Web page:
The vast majority of the world's governments
effectively deny citizens basic information they need to understand how public
monies are being spent, according to a new
report [.pdf] released Sunday by the International Budget Partnership (IBP),
a Washington-based project that works with civil society groups to promote
government transparency and improve accountability.
Of the 85 countries surveyed by the IBP, only five governments provided what
the study called "extensive" information about their budgets, while
another dozen made "significant" information available to their publics.
Best performers those with scores over 81 on a 100-point scale
included Britain, South Africa, France, New Zealand, and the United States,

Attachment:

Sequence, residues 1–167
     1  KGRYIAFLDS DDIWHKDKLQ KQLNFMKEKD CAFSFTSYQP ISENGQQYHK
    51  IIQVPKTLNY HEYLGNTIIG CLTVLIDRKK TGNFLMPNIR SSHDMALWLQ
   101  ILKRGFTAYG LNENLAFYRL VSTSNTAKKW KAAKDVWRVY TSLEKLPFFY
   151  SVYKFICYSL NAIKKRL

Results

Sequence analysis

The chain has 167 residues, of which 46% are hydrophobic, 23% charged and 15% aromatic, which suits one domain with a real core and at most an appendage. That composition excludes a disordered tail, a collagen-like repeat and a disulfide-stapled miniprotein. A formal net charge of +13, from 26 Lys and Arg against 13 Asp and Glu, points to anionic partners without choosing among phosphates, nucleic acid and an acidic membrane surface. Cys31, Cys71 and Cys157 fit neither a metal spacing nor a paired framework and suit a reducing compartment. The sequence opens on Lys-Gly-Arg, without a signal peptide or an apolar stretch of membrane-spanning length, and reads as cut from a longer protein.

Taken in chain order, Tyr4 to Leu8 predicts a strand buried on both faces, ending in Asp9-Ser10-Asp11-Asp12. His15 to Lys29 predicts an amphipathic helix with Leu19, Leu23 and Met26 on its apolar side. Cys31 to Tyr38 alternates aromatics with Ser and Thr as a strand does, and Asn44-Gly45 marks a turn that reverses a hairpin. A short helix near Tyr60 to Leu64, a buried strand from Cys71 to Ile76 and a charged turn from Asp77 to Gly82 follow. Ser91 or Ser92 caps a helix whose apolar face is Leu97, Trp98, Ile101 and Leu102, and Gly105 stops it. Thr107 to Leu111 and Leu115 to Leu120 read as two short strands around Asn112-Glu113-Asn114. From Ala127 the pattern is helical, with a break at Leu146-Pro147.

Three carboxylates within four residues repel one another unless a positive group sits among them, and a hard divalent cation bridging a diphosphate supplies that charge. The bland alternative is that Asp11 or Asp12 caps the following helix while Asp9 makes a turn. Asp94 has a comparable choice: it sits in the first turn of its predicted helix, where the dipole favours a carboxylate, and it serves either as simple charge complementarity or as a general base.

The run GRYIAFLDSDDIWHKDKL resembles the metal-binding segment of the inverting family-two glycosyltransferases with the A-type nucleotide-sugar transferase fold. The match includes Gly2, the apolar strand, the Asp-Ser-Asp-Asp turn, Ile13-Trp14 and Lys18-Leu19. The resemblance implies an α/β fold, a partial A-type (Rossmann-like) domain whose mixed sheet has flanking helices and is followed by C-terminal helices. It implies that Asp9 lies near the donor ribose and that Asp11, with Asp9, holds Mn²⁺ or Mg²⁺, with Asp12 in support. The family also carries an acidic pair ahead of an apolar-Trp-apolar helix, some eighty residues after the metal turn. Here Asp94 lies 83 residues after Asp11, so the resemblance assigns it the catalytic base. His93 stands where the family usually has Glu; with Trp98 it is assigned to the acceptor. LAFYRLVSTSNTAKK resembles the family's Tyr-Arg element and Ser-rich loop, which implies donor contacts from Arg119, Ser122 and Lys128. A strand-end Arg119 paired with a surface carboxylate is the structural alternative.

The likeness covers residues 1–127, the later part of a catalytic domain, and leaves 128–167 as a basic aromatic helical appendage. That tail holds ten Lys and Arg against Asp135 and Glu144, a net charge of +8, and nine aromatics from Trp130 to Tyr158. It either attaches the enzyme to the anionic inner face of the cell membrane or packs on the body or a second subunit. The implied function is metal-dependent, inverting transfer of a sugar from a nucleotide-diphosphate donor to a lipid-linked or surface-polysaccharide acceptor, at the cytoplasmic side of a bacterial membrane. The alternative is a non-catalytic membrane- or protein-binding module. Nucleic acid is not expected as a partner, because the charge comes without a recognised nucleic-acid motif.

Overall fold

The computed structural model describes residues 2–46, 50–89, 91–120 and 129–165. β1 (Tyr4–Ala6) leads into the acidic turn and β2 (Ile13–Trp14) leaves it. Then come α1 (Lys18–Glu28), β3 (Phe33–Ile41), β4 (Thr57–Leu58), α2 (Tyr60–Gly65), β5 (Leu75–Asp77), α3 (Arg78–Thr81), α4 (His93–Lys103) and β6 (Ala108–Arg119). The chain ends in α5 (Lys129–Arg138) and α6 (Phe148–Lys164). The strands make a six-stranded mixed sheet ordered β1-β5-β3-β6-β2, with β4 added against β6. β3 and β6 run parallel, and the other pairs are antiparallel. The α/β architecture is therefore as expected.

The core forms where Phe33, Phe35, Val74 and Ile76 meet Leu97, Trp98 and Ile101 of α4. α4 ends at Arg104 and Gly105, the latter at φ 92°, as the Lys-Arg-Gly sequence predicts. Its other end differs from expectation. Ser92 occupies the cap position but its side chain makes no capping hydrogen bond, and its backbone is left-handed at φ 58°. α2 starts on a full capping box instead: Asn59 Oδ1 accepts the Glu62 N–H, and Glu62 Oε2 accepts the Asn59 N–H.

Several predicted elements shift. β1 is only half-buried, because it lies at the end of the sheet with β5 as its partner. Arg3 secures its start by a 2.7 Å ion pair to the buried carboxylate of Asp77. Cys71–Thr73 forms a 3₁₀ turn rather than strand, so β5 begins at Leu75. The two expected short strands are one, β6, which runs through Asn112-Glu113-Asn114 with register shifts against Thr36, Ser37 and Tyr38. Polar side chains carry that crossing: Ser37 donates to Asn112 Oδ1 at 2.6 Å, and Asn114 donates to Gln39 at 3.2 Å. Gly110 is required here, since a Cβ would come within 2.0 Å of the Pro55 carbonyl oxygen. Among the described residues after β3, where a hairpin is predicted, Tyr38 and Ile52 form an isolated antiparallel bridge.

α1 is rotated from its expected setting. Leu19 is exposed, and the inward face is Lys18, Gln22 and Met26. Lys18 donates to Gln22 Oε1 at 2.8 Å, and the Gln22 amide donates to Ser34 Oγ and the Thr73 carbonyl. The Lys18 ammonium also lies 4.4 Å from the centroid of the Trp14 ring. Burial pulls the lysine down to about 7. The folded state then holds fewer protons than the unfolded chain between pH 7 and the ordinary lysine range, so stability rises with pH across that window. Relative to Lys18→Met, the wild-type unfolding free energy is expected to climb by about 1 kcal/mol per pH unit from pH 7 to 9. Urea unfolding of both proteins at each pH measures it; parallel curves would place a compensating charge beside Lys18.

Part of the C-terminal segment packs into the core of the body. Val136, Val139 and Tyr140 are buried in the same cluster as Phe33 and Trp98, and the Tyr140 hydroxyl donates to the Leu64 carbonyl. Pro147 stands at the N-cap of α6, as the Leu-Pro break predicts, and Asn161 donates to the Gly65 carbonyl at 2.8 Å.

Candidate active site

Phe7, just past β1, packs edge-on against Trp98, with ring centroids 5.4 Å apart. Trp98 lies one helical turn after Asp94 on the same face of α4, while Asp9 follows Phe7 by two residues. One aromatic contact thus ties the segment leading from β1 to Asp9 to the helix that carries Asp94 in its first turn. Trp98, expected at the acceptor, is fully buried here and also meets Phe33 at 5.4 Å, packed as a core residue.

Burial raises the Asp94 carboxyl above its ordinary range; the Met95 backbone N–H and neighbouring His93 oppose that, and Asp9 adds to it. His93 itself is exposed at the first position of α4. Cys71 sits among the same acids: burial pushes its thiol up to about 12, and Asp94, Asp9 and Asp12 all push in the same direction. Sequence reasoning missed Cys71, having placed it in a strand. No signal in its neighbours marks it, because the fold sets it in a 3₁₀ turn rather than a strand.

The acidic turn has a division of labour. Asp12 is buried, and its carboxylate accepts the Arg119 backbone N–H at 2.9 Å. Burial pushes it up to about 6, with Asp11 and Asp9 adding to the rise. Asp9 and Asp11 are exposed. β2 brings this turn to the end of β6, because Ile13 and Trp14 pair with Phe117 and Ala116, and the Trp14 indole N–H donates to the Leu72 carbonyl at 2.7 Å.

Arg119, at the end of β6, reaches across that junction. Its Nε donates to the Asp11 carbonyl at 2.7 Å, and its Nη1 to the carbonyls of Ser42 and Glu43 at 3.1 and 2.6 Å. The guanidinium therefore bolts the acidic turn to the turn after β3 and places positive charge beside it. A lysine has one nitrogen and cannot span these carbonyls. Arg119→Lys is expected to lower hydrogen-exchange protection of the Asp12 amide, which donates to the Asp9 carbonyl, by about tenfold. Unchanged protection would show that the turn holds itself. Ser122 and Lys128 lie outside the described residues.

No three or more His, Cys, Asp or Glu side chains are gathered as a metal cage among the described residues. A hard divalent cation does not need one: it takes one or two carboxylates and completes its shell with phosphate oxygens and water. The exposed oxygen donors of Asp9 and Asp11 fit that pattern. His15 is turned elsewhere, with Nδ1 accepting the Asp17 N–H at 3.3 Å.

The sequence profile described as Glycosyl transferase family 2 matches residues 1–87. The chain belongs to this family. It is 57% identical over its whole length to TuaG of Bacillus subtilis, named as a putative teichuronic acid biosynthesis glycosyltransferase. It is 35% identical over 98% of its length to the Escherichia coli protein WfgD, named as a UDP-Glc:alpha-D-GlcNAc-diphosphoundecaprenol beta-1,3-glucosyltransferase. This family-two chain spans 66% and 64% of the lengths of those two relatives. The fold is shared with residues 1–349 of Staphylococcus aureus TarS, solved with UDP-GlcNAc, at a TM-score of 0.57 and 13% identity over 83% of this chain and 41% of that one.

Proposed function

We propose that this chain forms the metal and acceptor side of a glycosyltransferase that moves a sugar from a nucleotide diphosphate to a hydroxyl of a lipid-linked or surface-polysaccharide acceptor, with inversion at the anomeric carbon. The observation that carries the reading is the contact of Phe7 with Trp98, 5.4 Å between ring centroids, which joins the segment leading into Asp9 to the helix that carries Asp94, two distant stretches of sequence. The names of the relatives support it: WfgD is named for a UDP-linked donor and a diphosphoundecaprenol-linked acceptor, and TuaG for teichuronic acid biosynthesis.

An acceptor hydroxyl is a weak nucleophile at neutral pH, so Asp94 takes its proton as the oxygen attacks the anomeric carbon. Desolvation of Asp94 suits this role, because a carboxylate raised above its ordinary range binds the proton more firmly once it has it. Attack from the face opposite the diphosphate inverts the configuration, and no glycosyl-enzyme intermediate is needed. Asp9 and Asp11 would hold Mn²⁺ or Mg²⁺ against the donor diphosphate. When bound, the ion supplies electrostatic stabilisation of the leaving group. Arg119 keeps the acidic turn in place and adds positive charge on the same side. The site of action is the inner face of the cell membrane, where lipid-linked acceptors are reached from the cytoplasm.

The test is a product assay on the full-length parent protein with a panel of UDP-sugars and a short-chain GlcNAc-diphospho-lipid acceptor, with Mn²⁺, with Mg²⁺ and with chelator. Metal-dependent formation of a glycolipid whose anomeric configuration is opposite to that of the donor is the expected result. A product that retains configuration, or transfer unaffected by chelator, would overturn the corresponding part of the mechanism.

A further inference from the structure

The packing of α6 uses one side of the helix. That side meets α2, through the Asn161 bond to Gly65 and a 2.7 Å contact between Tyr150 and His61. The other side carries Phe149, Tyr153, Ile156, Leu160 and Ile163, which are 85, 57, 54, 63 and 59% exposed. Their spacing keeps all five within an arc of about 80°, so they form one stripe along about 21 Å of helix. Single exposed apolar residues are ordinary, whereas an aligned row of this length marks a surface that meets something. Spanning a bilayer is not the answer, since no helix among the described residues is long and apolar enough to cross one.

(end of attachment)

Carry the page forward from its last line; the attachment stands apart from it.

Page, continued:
in descending order.
But 68 of the countries or 80 percent do not provide the public
with comprehensive, timely, and useful information that citizens need to understand
and monitor the use of public funds, according to the "Open Budget Index"
designed by IBP to measure budget transparency.
And nearly half of the countries provided so little information publicly as
to make it virtually impossible to uncover waste, gross mismanagement, or corruption.
The worst performers those scoring zero or one on the scale include Sao
Tome e Principe, Equatorial Guinea, the Democratic Republic of Congo (DRC),
Sudan, Rwanda, Saudi Arabia, and Algeria, according to the index.
"[O]verall, the state of budget transparency around the world is deplorable,"